I leave mine in a tupperware bins with lids, soaking in the water.  The 220/1000 has enough water to completely immerse the stone, while the 4000/8000 has enough to keep the 4000 side immersed.   I have to remember to take them in when really cold weather hits, but I haven't had any problems with them otherwise.

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I bought Shaptons, I have zero complaints. About 300 invested since I got a good deal on some of them from a guy, and some on Amazon. You might consider a DMT diaflat to keep the stones flat after use.

I looked at the DMT diaflat but ended up going with a granite slab and some good quality wet/dry paper for flattening my stones. Just make sure you flatten after every sharpening session and it make fattening go really fast. Already had the paper so the granite plate was like $25 at Woodcraft and I was ready to go, but once the paper that I have runs out I will go to a DMT as it seems like less hassle than the granite and paper.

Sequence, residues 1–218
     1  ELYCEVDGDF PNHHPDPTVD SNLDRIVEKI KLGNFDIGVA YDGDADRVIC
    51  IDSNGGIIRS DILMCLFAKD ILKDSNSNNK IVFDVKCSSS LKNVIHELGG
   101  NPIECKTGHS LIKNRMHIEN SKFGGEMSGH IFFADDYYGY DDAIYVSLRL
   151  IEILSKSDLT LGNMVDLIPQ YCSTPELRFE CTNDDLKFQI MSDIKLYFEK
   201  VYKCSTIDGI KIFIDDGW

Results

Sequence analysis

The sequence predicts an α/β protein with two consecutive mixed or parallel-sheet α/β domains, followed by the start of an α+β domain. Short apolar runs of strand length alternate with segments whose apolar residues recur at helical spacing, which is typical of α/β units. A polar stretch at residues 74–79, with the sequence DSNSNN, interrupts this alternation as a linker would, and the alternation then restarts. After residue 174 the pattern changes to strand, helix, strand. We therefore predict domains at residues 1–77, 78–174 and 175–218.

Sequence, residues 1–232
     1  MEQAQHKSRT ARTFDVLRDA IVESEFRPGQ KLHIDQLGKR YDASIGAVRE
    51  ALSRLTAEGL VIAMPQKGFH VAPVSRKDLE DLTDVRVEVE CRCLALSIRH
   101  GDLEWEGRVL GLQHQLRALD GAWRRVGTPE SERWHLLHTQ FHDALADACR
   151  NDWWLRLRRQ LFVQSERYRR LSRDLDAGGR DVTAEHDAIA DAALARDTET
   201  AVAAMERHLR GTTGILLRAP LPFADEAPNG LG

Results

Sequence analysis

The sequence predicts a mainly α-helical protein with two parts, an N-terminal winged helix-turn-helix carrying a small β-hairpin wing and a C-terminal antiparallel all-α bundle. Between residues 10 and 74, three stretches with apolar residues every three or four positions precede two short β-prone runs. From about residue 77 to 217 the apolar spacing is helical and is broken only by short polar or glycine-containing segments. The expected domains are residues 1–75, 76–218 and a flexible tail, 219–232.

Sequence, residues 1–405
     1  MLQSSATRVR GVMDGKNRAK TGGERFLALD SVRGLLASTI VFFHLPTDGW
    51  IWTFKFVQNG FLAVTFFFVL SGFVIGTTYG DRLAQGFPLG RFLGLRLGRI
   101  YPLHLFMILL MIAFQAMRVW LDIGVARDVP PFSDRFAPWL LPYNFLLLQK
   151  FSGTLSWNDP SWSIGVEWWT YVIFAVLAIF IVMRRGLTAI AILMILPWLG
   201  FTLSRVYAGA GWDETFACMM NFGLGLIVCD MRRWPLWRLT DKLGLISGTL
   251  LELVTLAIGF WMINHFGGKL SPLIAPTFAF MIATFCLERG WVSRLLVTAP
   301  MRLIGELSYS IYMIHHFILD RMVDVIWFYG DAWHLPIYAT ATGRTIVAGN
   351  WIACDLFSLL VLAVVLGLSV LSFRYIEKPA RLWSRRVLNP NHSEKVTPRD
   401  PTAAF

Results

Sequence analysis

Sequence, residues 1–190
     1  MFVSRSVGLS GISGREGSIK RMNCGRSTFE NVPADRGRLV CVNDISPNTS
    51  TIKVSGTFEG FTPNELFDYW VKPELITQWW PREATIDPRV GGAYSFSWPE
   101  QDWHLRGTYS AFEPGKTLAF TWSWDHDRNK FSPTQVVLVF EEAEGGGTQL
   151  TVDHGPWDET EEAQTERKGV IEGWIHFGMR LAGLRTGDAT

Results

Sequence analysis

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I have one of each and multiples of some, and have owned all the others. I say do what Stobes did. 200 bucks and be done spending on sharpening stones.

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I have the Norton and a couple of Japanese waterstones.  They work well, but often need to be flattened and of course there is the soaking.  I bought a couple of diamond stones and find myself using these all the time.  Just so much easier to spritz with water and never need flattening.  If I had it to do over, I would just go with the Shaptons and be done with it.